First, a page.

Electronic Theses and Dissertations

Date of Award


Document Type


Degree Name

M.A. in History

First Advisor

Robert J. Haws

Second Advisor

Michael de Laval Landon

Third Advisor

David G. Sansing

Relational Format



The study of American legal institutions and practices provides valuable information regarding American society. This analysis focuses on the County Court of Lafayette County, Mississippi from its creation in 1865 until its dissolution in 1870. In order to assess the role of this court during Reconstruction, the types of cases and participants for the five-year period were analyzed.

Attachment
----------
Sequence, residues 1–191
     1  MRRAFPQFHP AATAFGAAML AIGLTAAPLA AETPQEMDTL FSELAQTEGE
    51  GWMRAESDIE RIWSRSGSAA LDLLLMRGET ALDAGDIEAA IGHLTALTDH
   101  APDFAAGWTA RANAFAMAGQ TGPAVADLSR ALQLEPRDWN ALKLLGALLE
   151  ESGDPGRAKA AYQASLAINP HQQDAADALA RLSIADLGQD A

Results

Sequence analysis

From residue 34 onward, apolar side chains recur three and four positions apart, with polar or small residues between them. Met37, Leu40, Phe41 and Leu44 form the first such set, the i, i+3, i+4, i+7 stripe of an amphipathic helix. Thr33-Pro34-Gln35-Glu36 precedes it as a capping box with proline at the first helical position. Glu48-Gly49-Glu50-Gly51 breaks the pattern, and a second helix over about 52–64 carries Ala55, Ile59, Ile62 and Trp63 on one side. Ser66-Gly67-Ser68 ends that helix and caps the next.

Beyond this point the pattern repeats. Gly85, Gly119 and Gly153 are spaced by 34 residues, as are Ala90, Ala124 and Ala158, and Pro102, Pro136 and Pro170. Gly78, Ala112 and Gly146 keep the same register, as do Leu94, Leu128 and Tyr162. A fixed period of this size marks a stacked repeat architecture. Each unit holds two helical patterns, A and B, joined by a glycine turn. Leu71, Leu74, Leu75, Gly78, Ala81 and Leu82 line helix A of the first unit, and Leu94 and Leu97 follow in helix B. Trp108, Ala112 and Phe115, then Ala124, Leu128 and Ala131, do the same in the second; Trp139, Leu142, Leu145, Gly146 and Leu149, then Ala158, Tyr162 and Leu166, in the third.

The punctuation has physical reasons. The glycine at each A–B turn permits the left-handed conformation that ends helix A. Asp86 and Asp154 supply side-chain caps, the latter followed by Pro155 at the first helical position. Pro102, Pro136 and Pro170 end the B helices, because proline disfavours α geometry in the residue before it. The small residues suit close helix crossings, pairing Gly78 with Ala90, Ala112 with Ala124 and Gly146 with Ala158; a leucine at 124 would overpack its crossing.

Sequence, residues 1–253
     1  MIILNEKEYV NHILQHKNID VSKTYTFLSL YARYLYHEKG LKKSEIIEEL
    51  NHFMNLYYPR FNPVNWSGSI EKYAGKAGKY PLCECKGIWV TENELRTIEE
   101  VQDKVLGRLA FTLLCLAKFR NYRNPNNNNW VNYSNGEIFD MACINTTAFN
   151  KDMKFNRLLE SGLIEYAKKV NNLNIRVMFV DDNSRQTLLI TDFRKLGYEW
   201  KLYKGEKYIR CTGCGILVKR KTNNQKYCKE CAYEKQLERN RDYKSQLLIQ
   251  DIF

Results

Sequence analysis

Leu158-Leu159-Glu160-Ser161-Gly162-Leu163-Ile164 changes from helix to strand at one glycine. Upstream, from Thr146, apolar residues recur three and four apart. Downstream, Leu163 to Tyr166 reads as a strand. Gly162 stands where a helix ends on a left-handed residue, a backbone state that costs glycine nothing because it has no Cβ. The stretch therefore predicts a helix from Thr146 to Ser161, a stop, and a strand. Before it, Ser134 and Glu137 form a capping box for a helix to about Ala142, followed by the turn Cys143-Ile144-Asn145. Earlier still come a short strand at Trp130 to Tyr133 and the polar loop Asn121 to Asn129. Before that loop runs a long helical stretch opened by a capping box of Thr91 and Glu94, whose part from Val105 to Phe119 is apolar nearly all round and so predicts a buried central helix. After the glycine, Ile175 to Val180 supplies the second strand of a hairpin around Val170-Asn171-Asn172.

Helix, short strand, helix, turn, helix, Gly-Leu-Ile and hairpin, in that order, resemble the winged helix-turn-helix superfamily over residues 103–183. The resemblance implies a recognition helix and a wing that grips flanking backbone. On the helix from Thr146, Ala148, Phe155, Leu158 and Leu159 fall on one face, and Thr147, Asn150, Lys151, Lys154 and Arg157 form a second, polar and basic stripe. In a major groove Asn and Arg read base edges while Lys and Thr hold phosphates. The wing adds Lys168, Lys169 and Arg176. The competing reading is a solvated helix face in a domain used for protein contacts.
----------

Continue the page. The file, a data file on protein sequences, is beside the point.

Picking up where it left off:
The County Court system was established by the Mississippi state legislature in 1865 to manage the anticipated surge of criminal activity caused by the Civil War and the emancipation of slaves. This research discovered that although there was a considerable amount of criminal and civil activity in the County Court in 1866, there was a marked decrease in criminal activity in the years following. Significantly, this analysis proves that newly freed slaves were very rarely charged with any crimes in the County Court of Lafayette County after 1866. Instead, after 1866, civil lawsuits dominated the docket. The residents of Mississippi recognized this departure from the specific purpose of the County Court and adapted the judicial institutions of the state to the new conditions.

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